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Tornado warnings: Is the technology reliable?

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Multiple Tornadoes Touch Down In Dallas-Fort Worth
Volunteers Miguel Pichardo (L) and John Allen (R) help a friend search for personal belongings following a tornado on April 4, 2012 in Forney, Texas. Multiple tornadoes touched down across the Dallas/Fort Worth area causing extensive damage.
Tom Pennington/Getty Images

Violent tornadoes spun through Texas Tuesday as sirens blared and the National Weather Service warned citizens in the bluntest language possible--calling it a "tornado emergency."

Those warnings must have saved some lives because there were remarkably no fatalities or serious injuries. That's why when the cities of Albert Lea and Duluth each tested their warning sirens earlier this week and they failed, city officials quickly went to work to figure out why.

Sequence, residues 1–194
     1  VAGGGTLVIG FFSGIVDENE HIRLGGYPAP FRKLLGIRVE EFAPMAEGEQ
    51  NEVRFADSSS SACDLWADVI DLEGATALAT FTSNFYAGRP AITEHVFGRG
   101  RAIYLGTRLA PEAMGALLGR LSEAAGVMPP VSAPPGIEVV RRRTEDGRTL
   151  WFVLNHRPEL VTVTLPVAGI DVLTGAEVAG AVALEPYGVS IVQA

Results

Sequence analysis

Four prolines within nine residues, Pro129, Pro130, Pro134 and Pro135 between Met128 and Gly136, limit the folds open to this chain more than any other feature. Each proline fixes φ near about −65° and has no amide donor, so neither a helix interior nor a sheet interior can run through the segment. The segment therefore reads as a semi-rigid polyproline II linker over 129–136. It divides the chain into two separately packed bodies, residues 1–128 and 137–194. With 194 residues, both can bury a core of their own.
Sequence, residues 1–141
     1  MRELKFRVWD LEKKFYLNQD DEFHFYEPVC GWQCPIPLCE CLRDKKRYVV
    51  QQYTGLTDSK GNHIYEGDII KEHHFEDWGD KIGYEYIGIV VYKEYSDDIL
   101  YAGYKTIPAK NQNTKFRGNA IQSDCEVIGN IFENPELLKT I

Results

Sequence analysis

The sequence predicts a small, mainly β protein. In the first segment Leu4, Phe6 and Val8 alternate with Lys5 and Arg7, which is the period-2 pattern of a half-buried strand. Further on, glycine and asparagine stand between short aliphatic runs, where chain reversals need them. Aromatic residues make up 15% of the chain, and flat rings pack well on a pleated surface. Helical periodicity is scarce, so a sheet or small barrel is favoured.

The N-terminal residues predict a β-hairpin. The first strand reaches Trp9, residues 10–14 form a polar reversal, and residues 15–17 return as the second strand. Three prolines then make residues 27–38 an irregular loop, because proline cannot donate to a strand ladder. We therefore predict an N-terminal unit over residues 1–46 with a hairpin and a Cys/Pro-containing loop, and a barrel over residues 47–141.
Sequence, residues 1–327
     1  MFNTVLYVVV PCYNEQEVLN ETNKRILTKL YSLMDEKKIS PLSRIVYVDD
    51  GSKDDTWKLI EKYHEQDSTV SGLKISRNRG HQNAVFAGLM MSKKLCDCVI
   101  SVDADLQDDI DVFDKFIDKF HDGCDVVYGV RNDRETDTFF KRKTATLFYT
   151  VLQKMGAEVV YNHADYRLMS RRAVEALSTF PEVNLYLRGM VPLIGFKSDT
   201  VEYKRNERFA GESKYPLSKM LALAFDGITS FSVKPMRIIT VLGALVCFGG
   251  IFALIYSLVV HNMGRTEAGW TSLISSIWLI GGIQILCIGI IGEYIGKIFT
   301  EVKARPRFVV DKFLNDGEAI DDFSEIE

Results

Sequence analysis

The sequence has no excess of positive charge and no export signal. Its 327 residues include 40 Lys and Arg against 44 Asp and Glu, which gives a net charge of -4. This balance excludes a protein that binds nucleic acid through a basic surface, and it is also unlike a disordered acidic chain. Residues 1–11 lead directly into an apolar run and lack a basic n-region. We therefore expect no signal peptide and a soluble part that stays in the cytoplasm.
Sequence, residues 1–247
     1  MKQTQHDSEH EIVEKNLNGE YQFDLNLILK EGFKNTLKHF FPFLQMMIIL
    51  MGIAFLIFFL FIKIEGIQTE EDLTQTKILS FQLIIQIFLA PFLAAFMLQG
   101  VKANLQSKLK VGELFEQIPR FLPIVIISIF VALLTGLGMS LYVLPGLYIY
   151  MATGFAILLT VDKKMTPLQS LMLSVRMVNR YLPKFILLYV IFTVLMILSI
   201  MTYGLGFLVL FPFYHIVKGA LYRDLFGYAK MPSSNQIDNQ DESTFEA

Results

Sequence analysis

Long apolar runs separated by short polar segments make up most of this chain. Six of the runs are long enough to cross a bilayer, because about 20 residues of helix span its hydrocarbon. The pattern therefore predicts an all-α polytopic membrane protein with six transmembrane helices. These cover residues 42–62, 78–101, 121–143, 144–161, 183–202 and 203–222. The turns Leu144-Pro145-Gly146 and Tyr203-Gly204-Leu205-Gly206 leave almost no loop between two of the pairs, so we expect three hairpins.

We were wondering: Can we rely on technology to prepare for severe weather?

Minnesota meteorologist and author Paul Douglas will join The Daily Circuit Friday to talk about the upcoming severe weather season and the technology used to predict the storms.

"A convergence of meteorological and socioeconomic trends has left America more vulnerable to a catastrophic tornado; a single long-lasting tornado hitting a major urban center -- potentially putting thousands of lives at risk," Douglas in the Huffington Post. "It's too early to know if it's an aberration or a trend -- but in recent years some of the largest, most destructive tornadoes have struck east of the Mississippi River, hitting more densely populated cities and suburbs. There's no clear-cut evidence we're seeing more violent tornadoes, but 'Tornado Alley' appears to be expanding north and east."